Gazprom to Take Over Iran-Armenia Pipeline

The deal will give Russia's state-run gas company, Gazprom, complete control over Armenia's domestic distribution and, now, all import infrastructure
The deal will give Russia's state-run gas company, Gazprom, complete control over Armenia's domestic distribution and, now, all import infrastructure

The deal will give Russia’s state-run gas company, Gazprom, complete control over Armenia’s domestic distribution and, now, all import infrastructure


Giving away perhaps the last opportunity for energy independence, Armenia plans to sell its 41-kilometer-long section of an Iranian natural-gas export pipeline to Russian energy leviathan, Gazprom. The decision leaves Moscow in full control of natural-gas supply routes to Armenia.

Armenia Energy Minister Ara Simonian assured Radio Free Europe/Radio Liberty, however, that the terms of a state license will not allow Gazprom Armenia to mess with imports from Iran.

Those imports, though, are just a quarter of the annual 2 billion cubic meters Armenia receives from Russia, its economic and security patron.

Originally, many observers abroad and in Armenia alike had hoped that the Iranian-Armenia pipeline, completed in 2008, would wean Armenia off energy dependence on Russia.

Moscow is believed to use its position as Armenia’s economic, energy and security patron to ensure the country’s fealty – a situation that does not necessarily make it tolerant toward market-competitors.

Moscow first tried to set a limit to the Iranian-Armenian pipeline’s diameter and, hence, its supply capacity. Then, Gazprom muscled its way into taking over domestic distribution and, now, all import infrastructure.

Commenting on the takeover of the Iranian pipeline, Gazprom Armenia, Gazprom’s local distribution monopoly, said that it only made business sense to let one company operate the country’s supply-and-distribution infrastructure.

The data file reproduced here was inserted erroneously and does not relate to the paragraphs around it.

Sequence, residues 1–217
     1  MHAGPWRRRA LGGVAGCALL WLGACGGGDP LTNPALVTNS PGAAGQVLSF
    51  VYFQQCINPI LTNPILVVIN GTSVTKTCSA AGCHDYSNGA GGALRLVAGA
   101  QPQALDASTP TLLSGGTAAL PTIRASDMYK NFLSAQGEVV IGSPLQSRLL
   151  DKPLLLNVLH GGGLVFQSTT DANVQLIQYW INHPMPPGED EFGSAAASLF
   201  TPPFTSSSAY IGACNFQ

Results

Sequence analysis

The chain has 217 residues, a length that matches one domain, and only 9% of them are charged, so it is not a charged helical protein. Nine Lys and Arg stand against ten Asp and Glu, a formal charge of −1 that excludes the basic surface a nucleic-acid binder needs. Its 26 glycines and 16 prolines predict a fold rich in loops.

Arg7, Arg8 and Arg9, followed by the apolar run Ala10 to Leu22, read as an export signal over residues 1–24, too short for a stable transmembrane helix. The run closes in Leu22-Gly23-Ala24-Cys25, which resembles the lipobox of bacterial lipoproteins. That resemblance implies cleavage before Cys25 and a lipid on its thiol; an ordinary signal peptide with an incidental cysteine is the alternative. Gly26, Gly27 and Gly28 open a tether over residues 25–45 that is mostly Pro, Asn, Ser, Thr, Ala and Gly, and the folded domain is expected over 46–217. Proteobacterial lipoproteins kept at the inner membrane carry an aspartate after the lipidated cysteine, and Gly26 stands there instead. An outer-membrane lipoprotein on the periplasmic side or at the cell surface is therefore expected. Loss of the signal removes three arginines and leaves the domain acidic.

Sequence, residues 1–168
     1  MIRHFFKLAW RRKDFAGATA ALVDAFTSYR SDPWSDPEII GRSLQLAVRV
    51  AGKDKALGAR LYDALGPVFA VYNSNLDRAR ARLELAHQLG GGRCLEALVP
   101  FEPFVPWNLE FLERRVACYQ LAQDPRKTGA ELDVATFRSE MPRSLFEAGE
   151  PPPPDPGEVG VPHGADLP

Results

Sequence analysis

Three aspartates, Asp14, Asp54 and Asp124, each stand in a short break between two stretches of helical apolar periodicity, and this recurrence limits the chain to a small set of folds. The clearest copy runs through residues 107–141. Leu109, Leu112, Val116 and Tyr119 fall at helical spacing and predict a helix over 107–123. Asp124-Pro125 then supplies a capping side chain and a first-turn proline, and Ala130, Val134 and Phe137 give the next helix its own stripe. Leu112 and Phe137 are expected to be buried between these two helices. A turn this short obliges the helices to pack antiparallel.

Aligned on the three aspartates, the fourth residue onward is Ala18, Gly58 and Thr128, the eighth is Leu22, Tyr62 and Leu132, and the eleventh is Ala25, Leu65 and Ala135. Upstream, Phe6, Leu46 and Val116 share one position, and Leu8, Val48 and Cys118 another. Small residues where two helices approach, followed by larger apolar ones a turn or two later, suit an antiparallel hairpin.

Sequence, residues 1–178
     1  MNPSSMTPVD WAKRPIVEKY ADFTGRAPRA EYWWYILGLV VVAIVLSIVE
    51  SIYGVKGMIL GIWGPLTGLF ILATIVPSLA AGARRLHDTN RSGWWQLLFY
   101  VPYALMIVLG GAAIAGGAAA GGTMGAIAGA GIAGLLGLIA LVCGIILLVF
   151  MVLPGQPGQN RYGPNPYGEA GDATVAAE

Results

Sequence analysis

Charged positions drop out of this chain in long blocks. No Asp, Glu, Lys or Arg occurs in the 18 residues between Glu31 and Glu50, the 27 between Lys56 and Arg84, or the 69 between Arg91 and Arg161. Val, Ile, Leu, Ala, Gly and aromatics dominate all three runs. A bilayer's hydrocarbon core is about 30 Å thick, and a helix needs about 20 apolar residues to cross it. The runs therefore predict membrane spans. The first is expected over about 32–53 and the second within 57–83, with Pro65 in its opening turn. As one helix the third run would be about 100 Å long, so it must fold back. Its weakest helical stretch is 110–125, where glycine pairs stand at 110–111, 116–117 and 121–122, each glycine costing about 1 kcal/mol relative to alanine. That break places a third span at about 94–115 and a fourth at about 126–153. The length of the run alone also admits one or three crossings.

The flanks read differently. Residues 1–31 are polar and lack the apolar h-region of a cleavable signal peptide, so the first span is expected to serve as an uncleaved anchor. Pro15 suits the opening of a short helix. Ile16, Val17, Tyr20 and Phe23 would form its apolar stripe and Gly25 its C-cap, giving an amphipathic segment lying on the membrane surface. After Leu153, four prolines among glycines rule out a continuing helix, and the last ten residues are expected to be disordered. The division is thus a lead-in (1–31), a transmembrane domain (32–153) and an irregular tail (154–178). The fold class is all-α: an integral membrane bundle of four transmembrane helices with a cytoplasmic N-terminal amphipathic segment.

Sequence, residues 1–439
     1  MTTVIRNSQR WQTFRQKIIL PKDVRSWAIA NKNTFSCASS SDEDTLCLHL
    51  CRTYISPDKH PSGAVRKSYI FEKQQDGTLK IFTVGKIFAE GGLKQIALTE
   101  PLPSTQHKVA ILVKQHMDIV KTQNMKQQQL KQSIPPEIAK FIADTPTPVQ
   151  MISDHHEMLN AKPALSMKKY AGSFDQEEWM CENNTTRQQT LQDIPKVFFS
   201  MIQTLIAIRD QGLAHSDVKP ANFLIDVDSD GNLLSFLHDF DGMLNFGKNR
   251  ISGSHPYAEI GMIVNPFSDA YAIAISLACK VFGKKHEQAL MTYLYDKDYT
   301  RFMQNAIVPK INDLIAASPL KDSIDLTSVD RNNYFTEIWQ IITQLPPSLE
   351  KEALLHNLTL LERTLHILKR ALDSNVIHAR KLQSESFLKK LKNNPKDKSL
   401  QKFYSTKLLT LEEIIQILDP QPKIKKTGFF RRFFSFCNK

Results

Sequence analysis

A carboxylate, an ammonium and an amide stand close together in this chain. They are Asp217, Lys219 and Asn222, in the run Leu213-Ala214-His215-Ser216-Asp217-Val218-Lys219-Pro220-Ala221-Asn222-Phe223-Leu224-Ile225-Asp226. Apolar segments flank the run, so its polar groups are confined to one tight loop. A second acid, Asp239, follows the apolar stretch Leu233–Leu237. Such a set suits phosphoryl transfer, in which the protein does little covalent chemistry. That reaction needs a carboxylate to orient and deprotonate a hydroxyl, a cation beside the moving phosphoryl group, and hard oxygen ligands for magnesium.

The company’s spokesperson told RFE/RL’s Armenian service that a “tentative agreement” on such a handover has existed since 2007. A $30-million “prepayment” already has been made, she said.

Ironically, a year ago, reported, Yerevan indicated it intended to increase its Iranian imports to 2 bcm.

At the time, Moscow had remained strangely silent.

Now, it seems, the reason why is plain.


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  1. Armenian said:

    Goodbye to anything that once resembled statehood.

    It’s amazing how much the xoroshis at the HHK were able to destroy the country in such a short period of time. Bravo.

  2. Avetis said:

    We need to sober up and understand that right now the stakes in the region are too high. It wouldn’t be stretch of the imagination to say that Russia and the West are on the verge of a war. For Russia, natural gas production and distribution – especially to Europe – is as important as their nuclear deterrence. Gas supplies to foreign nations has been Moscow’s most effective strategic weapon in recent years. I therefore do not expect them to change their approach to “pipeline politics” for Armenia’s sake. Genocide recognition for Armenia’s sake is one thing, this is a whole different ball game. With that said, had Armenia been a powerful and wealthy nation – or perhaps a nation less inclined to flirt with Western powers – we might have expected Russians to allow us more control over such matters. But Armenia is not powerful, not wealthy and in the eyes of Russians – official Yerevan is not very reliable. The best we can expect at this juncture is for Yerevan to at least negotiate a good transit fee or some other benefit for the country. Anyway, the following article is quite revealing of the serious concerns Russians have towards Yerevan’s “complimentary politics” –

    US Trying to Pry Armenia out of Russia’s Orbit:

  3. Ara said:

    Is there anything left, which is not sold to Russia? Armenia i not even a Banana republic – it is even worse than that!